Balanced Scorecard Relation Between the Four Perspectives

Balanced Scorecard Approach to Procurement Performance:

The Balanced Scorecard is a performance measurement framework that adds strategic non-financial performance measures to traditional financial metrics and provides a more ‘balanced’ view of organizational performance. On the procurement side, here’s a macro approach to deploying a balanced scorecard as shown below:

Balanced Scorecard Approach to Procurement Performance

Deploying this approach shifts organizational focus (resources, processes, systems) towards activities that truly have an impact. The scorecard helps steer the ship in the right direction. Some metrics to consider as part of the Procurement Balanced Scorecard are shown below:

These indices may be classified into three groups of measurable deliverables that have Value Proposition to Customers viz

> Quality,

> Delivery,

> Cost

Indices under these broad categories integrates all others three perspectives of Balanced Scorecard, that are Finance, Business Processes and Learning & Growth. Improvements in all the four key Balanced Scorecard areas ultimately lead to improvements in Quality, Delivery & Cost (QDC). For example, any business process improvements may result in improvements in Quality or Delivery or Cost, these improvements in turn may positively impact finance and lead to customer satisfaction bringing in organizational growth.

Procurement Performance

QDC (Quality, Delivery & Cost) Performance Indices :

A performance index is a single measure of a system’s performance that emphasizes those characteristics of the response that are deemed to be important. Performance indices are derived based on the trade-off between a constraint and the free variable. Performance Index is a measurable value that demonstrates how effectively a company or functional department is achieving key business objectives. Accordingly, there are three broad categories of indices.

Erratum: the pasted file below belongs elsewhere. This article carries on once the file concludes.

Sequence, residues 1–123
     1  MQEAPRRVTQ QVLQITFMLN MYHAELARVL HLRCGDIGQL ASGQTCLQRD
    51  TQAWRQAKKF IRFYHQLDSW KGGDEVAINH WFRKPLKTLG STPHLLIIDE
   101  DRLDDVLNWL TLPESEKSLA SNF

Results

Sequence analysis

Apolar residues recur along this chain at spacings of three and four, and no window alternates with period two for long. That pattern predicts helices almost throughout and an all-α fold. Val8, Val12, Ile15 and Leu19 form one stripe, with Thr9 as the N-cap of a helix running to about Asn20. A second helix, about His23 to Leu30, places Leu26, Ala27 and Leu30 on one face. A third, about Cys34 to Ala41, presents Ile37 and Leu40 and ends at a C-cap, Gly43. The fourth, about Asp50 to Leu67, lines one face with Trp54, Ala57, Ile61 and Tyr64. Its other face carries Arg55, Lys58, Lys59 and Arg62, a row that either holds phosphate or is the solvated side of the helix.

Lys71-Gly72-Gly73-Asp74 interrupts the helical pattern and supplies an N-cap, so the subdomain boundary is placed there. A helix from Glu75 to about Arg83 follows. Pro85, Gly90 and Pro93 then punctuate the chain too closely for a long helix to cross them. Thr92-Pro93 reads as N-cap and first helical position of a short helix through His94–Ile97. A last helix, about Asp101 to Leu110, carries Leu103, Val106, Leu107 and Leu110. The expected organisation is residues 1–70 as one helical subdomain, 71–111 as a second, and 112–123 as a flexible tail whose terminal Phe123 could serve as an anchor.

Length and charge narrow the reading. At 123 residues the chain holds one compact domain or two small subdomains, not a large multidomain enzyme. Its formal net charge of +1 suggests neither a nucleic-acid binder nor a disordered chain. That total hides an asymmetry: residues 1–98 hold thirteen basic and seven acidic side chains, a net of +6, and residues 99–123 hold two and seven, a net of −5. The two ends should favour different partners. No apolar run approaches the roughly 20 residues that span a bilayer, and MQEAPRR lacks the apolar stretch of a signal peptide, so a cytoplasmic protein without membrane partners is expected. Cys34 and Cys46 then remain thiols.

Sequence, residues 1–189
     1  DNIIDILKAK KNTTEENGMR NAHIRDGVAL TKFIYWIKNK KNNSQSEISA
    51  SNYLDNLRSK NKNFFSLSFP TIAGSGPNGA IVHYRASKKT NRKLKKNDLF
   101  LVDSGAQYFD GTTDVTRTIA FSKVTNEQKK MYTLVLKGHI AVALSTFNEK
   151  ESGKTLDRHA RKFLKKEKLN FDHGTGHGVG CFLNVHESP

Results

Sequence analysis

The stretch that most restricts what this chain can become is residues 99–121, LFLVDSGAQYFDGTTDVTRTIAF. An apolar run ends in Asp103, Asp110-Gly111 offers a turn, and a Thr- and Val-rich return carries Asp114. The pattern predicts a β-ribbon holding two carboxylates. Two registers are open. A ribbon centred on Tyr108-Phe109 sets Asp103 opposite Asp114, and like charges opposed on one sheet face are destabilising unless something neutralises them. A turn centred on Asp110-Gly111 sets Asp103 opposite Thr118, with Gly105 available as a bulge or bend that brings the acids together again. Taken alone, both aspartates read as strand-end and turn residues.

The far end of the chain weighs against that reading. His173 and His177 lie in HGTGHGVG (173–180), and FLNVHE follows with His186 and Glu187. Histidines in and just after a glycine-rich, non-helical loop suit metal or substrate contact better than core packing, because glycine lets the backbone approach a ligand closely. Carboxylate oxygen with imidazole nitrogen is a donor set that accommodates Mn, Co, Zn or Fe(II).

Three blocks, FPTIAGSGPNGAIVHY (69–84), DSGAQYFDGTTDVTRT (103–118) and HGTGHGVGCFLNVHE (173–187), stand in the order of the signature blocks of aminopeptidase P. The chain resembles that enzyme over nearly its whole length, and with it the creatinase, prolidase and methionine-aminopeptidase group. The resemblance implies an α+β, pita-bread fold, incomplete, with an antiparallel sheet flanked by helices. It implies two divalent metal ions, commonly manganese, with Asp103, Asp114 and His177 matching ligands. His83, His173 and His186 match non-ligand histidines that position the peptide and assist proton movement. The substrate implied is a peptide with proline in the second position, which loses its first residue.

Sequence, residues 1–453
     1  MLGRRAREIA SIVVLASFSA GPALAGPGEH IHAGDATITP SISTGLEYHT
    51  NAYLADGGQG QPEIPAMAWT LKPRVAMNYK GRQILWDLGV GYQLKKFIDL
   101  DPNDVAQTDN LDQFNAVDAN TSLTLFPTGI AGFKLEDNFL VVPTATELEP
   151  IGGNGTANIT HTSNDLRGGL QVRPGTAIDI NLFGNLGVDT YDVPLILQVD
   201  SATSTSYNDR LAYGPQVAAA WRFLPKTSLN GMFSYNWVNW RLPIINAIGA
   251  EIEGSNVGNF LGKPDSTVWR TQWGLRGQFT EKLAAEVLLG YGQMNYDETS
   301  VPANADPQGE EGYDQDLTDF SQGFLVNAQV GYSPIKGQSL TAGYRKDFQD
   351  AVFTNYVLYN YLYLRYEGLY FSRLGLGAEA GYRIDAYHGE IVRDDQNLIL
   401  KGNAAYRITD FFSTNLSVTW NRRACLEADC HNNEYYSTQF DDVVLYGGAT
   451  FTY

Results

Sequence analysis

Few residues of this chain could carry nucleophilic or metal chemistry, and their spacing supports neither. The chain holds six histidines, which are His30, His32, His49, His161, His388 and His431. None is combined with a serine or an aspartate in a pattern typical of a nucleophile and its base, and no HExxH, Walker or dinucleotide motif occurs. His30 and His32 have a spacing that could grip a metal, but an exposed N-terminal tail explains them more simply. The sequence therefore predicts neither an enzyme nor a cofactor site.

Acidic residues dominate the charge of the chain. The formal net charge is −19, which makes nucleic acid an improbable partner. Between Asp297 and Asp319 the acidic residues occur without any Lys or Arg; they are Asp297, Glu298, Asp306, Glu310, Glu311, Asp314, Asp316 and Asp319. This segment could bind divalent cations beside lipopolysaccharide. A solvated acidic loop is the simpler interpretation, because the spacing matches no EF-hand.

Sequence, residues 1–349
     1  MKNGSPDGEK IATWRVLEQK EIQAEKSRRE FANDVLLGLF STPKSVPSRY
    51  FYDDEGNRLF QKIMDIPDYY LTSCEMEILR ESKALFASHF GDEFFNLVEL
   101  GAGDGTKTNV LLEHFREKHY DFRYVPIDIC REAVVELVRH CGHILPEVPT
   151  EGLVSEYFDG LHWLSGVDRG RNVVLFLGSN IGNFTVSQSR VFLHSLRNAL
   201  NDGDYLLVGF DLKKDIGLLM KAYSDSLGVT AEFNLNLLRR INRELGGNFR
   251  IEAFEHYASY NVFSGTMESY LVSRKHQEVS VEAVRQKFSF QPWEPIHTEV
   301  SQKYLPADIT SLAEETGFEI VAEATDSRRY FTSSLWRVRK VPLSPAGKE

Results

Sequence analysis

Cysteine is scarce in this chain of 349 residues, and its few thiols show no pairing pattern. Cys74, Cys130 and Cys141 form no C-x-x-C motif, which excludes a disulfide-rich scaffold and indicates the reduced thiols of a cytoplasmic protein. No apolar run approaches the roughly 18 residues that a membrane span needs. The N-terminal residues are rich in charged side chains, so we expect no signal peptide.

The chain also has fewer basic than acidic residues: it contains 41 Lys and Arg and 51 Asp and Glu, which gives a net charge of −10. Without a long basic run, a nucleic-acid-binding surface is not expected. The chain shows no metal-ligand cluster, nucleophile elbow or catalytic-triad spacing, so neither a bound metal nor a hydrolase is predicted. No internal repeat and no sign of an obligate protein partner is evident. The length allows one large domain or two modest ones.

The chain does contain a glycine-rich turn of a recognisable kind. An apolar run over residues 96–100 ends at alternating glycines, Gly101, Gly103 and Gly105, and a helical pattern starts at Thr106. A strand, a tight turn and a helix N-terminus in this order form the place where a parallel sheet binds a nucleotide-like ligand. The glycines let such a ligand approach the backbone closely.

> Quality Performance Indices (QPIs)

> Delivery Performance Indices (DPIs)

> Cost Performance Indices (CPIs)

Some of the major Performance Indices for each of the QCD are depicted below.

Quality Performance Indices (QPIs):

These indices identify performance of goods or services using certain attributes to improving level of quality.

Quality Performance Indices (QPIs)

Delivery Performance Indices (DPIs):

Delivery performance provides an indication of how successful the supply base is at providing products and services to the concerned stakeholders. These metrics are most important in the measurement of performance of the procurement function.

Delivery Performance Indices (DPIs)

Cost Performance Indices (CPIs):

These are measures of the efficiency of expenses spent and also effectiveness of the procurement function on cost related aspects like actual cost spend and savings etc.

Delivery Performance Indices (DPIs)

Cost Performance Indices

These indices also serve as KPIs (Key Performance Indicators) to gauge performance of Procurement personnel. Procurement KPIs are management tools designed to monitor procurement department performance and help meet goals, strategies and objectives. The primary goal of every procurement organization is keeping the procurement sustainable and constantly looking for ways on how to improve the procurement processes and performance. Some of these Indices may be used by procurement functions by suitably modified as per the individual organizational requirements.

The Article can be viewed in PPT @ the Link Below :

https://www.youtube.com/watch?v=nj_qnx0t14k

Author Bio

More Under Finance

Leave a Comment

Your email address will not be published. Required fields are marked *